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Volume XII, Number 337

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Virginia Tech Mid-Atlantic Aviation Partnership to Lead FAA UTM Field Test

The Virginia Tech Mid-Atlantic Aviation Partnership (MAAP) was selected to lead one of the teams participating in the Federal Aviation Administration’s (FAA) unmanned aircraft systems (UAS) traffic management (UTM) Field Test. The UTM Field Test is a research project designed to evaluate the technology and standards being developed to help safely coordinate and prioritize drone flights as drone activity in the low-altitude airspace continues to increase and expand across industries.

MAAP’s UAS test site, as well as the Lone Star UAS Center of Excellence and Innovation at Texas A&M University Corpus Christi test site and eight other technology companies, will collaborate with the FAA and NASA on this project. While drone technology is capable and scalable, regulations are still evolving and UTM is far from perfected.

The goal of the research and testing is to create and build better technology that can safely schedule and prioritize flights to prevent interference with flight paths. Safely managing drone traffic requires diverse sources of data routed through multiple software platforms. Each of these technologies is being developed by individual companies, with oversight and evaluation from the FAA through research programs such as this one. In order to achieve success, there must be a diverse array of industry participants. UTM will be successful only if as many stakeholders as possible are involved.

Through test flights, these researchers and technologists will explore how to safely schedule and prioritize multiple UAS operations. The team hopes to find answers to questions such as how the industry can facilitate seamless interactions between software from various companies; how to prioritize critical public safety and medical flights; and how to provide access to information about a drone so that public safety officials can use that data for security and law enforcement while still protecting the privacy rights of operators and others. Cybersecurity will be a major theme throughout these tests. As digital signals bounce between drones, drone operators, and software platforms, there must be safeguards in place to protect sensitive information and verify that operators and other participants are truthfully representing their identities. This project and collaboration are yet another way that delivery by drone and UTM will advance.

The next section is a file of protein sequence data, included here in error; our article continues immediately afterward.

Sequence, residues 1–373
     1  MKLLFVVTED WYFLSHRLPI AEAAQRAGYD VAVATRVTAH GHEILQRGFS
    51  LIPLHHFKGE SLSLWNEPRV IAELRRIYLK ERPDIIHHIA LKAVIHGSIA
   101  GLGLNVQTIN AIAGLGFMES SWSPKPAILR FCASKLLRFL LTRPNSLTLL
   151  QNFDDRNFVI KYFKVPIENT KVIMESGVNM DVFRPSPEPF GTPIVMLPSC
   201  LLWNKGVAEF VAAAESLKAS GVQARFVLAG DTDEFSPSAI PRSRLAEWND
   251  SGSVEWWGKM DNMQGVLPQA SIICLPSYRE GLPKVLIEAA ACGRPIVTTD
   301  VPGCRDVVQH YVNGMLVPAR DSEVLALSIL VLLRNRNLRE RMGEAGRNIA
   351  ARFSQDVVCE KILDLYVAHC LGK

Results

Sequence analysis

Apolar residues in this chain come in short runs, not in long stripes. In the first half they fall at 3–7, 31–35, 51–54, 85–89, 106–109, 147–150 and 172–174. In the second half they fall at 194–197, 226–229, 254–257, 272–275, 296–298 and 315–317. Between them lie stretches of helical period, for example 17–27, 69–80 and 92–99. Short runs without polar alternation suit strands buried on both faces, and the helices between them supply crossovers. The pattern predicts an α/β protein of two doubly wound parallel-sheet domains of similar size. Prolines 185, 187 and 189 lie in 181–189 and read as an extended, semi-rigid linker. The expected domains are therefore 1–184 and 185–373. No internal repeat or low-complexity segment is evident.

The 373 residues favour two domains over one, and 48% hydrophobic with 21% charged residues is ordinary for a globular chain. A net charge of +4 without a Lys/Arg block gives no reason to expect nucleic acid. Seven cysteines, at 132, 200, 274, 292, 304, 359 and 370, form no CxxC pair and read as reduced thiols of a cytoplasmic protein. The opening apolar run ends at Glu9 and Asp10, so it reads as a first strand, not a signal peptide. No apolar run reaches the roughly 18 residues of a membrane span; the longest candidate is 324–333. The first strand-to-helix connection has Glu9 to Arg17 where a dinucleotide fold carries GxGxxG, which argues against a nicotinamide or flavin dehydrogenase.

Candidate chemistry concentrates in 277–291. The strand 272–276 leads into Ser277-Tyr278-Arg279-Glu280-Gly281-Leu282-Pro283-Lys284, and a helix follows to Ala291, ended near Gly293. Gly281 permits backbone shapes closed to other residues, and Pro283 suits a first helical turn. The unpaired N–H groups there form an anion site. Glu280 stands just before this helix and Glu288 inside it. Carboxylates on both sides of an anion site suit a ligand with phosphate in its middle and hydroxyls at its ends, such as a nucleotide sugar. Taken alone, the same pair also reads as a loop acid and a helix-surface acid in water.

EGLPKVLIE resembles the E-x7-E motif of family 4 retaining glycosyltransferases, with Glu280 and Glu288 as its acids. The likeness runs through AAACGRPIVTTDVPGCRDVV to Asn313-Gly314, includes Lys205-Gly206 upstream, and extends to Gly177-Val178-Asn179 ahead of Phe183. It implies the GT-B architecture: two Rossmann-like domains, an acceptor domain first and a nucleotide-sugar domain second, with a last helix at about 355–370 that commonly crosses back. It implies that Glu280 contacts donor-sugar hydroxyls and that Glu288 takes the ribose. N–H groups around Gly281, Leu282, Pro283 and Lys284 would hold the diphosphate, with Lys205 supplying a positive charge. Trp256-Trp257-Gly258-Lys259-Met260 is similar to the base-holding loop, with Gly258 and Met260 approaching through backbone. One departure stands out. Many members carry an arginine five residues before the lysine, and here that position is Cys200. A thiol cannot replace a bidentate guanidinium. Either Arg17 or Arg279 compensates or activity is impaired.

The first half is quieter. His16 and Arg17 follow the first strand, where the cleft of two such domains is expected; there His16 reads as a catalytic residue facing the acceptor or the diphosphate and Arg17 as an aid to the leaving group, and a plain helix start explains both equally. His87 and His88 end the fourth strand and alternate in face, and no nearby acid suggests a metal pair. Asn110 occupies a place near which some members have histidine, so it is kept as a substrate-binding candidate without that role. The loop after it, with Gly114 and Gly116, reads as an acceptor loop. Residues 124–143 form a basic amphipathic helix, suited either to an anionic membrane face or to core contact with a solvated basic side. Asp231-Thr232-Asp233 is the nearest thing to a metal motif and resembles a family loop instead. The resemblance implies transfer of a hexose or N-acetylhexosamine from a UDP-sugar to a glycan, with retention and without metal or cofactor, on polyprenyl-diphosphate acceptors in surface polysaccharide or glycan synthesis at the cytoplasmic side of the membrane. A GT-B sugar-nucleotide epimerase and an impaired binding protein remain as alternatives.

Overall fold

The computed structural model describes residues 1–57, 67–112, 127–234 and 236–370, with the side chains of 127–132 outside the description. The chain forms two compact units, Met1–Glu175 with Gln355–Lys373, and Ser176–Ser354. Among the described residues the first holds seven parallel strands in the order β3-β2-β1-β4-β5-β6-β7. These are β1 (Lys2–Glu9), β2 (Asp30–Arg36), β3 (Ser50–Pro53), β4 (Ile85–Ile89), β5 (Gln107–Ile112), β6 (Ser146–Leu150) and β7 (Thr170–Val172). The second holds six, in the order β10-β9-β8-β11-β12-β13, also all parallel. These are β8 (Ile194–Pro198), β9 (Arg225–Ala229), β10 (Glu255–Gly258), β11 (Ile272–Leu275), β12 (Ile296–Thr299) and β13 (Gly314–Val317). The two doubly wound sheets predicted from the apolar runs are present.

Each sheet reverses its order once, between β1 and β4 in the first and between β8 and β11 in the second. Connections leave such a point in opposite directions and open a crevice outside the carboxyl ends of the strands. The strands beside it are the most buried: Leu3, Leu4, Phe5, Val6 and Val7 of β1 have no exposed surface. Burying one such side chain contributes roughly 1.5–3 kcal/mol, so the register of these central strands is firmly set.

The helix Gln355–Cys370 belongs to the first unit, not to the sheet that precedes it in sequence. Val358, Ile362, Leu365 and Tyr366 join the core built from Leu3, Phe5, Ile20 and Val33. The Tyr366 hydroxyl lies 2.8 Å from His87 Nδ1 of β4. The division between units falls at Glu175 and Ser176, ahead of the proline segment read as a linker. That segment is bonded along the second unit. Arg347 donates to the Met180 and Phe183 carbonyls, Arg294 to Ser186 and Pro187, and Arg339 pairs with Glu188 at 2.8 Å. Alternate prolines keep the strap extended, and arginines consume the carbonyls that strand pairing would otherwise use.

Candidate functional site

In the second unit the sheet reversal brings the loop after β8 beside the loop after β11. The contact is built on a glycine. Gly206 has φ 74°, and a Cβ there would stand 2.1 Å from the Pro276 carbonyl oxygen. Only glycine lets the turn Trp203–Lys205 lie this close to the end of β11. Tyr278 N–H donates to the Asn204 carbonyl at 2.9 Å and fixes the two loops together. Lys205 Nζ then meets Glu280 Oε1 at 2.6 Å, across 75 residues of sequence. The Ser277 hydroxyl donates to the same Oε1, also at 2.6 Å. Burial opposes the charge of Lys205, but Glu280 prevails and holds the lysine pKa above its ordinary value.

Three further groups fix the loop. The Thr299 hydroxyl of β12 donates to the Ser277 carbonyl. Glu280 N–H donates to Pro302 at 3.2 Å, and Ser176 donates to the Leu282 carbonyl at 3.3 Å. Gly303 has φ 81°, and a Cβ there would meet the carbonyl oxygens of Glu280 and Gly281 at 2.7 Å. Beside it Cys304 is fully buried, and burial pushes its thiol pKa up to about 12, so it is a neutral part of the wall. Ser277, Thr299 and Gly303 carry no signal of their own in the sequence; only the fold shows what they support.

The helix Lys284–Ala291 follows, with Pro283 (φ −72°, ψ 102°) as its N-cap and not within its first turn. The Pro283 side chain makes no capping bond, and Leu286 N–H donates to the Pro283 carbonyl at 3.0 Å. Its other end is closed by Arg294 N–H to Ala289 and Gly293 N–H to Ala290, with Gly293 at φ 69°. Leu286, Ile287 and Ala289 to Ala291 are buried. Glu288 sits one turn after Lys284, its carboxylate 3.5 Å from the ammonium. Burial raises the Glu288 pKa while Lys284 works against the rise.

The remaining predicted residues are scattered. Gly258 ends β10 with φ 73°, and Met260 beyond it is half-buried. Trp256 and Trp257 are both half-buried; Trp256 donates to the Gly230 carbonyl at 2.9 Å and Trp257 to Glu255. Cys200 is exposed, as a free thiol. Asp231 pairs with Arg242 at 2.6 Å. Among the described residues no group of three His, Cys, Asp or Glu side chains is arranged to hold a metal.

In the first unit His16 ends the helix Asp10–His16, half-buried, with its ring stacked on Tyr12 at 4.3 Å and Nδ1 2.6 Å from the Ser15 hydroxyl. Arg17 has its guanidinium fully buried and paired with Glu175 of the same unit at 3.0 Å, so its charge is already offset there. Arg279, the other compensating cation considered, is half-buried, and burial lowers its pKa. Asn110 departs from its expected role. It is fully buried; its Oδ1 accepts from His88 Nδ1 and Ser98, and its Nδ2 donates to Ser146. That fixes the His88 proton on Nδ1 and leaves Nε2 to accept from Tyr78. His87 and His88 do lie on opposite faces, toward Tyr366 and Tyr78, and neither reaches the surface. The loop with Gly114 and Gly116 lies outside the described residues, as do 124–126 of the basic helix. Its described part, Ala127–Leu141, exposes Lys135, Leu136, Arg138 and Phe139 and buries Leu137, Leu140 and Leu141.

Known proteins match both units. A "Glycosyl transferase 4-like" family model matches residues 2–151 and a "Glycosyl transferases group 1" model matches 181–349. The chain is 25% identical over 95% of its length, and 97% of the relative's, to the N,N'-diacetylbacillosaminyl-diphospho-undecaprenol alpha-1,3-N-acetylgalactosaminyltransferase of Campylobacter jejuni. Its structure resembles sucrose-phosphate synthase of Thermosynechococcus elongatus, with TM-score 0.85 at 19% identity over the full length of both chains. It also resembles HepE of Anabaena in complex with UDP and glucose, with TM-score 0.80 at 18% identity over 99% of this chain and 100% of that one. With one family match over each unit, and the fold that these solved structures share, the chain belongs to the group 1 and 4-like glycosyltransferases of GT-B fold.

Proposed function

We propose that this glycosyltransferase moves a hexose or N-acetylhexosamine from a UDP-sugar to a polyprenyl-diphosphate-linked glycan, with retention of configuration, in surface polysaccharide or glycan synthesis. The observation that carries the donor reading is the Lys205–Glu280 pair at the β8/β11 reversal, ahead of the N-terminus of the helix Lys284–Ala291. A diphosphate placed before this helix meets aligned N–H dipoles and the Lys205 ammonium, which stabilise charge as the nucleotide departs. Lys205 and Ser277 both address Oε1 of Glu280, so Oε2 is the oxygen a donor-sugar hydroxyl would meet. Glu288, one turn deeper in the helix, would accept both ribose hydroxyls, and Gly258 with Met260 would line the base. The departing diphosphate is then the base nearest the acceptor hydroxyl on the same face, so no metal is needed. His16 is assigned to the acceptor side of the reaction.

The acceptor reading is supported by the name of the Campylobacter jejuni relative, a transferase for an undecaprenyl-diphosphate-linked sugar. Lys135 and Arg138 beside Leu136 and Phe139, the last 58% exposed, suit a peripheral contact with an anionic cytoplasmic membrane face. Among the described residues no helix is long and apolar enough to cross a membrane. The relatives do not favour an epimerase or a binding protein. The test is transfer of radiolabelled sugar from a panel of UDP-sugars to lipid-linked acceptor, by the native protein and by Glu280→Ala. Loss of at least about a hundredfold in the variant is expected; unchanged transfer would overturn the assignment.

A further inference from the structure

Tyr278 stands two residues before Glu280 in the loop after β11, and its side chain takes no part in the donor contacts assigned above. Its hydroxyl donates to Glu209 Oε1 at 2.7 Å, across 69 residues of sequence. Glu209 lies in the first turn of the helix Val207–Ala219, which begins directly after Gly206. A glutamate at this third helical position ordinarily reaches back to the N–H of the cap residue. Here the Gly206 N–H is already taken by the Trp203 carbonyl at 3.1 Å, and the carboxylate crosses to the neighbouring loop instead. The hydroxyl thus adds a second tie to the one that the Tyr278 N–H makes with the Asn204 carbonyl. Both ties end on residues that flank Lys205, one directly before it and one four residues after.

Copyright © 2022 Robinson & Cole LLP. All rights reserved.National Law Review, Volume XII, Number 237
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About this Author

Kathryn Rattigan Attorney Cybersecurity Data Privacy
Associate

Kathryn Rattigan is a member of the firm's Business Litigation Group and Data Privacy + Cybersecurity Team. She advises clients on data privacy and security, cybersecurity, and compliance with related state and federal laws. Kathryn also provides legal advice regarding the use of unmanned aerial systems (UAS, or drones) and Federal Aviation Administration (FAA) regulations. She represents clients across all industries, such as insurance, health care, education, energy, and construction.

Data Privacy and Cybersecurity Compliance

Kathryn helps clients comply...

401-709-3357
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